The moral ambiguity of modern religion
Prof Rajeev Bhargava for The Hindu
Citizens can neither demand that the state keep completely out of religion nor that it arbitrarily intervene in each aspect of it
Modern religion is a complex phenomenon and reasonable persons can only have an ambivalent attitude towards it. Invoking both love and hate, it can neither be unconditionally respected nor indiscriminately disrespected. Citizens can neither demand that the state keep completely out of it nor that it arbitrarily intervene in each aspect of it. Why?
Let me draw you into a thought experiment: an eight-step speculative history of the religious and philosophical lives of human beings. So assume that in the very distant past, we developed a capacity for transcendence, i.e. to step back and look beyond life as we find it, to holistically examine our existence and the world, to dispassionately see its limitations and aspire to overcome them. (Step 1) A gap now emerges between what we currently are and what, at our best, we could be. In striving to overcome this gap, we then search for a vision, both personal and collective, in terms of which we can chart a journey of self-cultivation or self-realisation.
One important condition of finding this vision or path is getting guidance, most likely from a wise and insightful teacher, one who has deep influence in shaping our character and practice, who helps us go higher and dig deeper. Let us then imagine that (in Step 2) people begin to follow his teachings. They become followers of a path towards self-realisation — a Marga. And in Step 3, over time, a fellow feeling develops, a loose sense of community amongst the followers — important because self-cultivation needs mutual learning, influence and reinforcement. Self-development is a guided, social activity. Teachers and other learners are crucial to it.
This lightly organised human endeavour, this gamut of practices, dispositions and character can be called religion in one important sense. Call it Religion A.
Now Religion A may be gods/goddesses-dependent (ancient societies such as India, Greece and Rome) or be God-dependent (monotheistic religions such as Judaism, Christianity, Islam) or be independent of God — faith in the rightness of human action and human rationality — as in visions of an atheist/secular society in ancient Greece (Plato) and India (Buddha, Jaina, Mimamsa). From very ancient times, India was home to many Religions A, even though it had neither a word for religion nor a distinction between religion and philosophy.
Imagine now that over time the community of Religion A develops an institutional structure, involving hierarchies of power and status (Step 4). Some of these hierarchies grow because a section within the community has taken upon itself the responsibility to systematise teachings, turn them into intellectual doctrines (Step 5). Given the new importance of doctrines, some within the bureaucratic structures become gatekeepers maintaining strict rules of entry and exit (Step 6). Perhaps some of these are proselytisers, view each other as rivals fighting for individual allegiances and slowly begin to define themselves in opposition to one another (Step 7). They even break each others’ heads over differences of doctrine or practice. And even the heads of some of their own who differ from doctrines as they define them (Step 8).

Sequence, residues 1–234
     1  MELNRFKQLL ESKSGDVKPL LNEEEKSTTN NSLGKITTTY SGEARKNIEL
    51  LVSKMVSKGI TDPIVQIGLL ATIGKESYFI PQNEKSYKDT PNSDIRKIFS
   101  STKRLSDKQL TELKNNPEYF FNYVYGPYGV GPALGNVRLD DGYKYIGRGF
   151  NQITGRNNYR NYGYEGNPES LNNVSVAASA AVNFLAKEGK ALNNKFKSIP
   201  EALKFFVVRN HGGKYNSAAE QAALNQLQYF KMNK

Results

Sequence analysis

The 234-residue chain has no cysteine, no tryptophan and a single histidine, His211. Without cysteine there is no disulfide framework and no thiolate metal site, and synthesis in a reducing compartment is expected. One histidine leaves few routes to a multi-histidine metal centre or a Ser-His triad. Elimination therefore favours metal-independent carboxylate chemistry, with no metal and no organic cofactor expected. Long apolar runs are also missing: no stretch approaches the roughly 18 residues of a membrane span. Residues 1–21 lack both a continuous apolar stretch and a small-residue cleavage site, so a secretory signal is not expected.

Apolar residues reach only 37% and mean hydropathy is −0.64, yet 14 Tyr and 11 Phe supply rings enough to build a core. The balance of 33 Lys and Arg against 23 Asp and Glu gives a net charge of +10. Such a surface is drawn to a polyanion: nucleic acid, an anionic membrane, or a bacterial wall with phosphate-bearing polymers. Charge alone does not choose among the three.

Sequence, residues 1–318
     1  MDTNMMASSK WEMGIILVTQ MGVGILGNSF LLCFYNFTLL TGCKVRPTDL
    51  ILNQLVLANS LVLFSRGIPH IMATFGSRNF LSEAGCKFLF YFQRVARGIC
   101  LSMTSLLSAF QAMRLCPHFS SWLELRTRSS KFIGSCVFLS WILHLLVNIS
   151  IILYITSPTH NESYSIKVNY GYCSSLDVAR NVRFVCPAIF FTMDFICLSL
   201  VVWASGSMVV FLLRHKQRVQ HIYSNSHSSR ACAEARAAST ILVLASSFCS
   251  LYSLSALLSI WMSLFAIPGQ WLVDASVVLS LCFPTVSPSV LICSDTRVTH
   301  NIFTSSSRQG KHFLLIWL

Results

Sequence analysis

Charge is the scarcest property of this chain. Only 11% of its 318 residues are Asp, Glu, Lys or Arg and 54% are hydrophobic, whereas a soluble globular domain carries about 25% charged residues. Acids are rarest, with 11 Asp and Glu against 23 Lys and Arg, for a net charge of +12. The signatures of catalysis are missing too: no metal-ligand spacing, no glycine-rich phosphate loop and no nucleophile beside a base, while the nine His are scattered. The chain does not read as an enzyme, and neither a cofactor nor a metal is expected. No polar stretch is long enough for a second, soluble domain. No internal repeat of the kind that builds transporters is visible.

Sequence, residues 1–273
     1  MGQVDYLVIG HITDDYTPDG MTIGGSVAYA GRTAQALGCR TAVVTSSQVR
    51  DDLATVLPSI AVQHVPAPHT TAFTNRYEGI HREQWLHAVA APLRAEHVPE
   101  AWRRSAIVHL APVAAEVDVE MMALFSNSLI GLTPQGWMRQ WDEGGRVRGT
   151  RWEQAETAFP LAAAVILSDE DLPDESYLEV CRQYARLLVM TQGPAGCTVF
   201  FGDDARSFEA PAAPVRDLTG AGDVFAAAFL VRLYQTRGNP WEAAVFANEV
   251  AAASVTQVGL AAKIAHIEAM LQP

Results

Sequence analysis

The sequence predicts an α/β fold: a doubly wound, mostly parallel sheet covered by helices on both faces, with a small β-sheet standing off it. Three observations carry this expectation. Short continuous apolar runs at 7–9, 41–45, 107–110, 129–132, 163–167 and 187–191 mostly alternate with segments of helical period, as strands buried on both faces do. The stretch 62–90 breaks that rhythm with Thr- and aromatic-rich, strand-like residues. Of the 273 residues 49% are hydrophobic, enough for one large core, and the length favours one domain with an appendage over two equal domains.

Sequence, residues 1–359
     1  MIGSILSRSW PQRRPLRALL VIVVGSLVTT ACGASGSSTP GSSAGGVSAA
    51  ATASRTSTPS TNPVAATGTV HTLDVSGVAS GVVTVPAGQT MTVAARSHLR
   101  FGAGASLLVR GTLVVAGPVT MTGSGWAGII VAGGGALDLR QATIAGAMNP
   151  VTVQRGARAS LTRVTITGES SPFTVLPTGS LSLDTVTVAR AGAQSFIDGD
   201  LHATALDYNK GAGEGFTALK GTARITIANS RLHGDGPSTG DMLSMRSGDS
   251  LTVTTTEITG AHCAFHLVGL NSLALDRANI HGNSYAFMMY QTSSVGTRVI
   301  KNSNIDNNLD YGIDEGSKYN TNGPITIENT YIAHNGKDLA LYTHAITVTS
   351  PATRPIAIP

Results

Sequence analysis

Religions A that have taken Steps 4-8 have now become religions in another sense. Call them Religions B. What was once a loose community has now a highly doctrine-oriented, bureaucratised, exclusivist structure. Alas, pursuit of Religion A has been for some time now dependent on one’s belonging to Religion B.
Now because religion has come to refer to both Religion A (teachings of individual or collective self-realisation) and Religion B (institutionalised, power-laden, status-ridden and doctrinalised), many reasonable persons are bound to develop a deep ambivalence to it. They may revere Religion A and find Religion B repugnant.
Modern religion tends to be comprehensive, referring to both Religions A and B, and therefore is neither unambiguously good not wholly bad. One can neither live without it nor relate to it without resistance and critique. The only sensible attitude towards it is critical respect.
This has broader political and state-related implications. Our politics cannot be conducted without drawing upon the resources of one or the other Religion A. Hence Gandhi’s statement with which even Nehru agreed: “I can say without the slightest hesitation that those who say that religion has nothing to do with politics do not know what religion means.”
But equally, Religion B cannot meddle in politics without vitiating it. Furthermore, morally sensitive citizens can neither endorse a strict separation between state and modern religion nor allow the boundaries between them to become so porous that states destroy people’s freedom to choose and practise any Religion A. This is why they must insist that the state keep a principled distance from all religions, keep off Religion A and intervene when morally necessary in Religion B.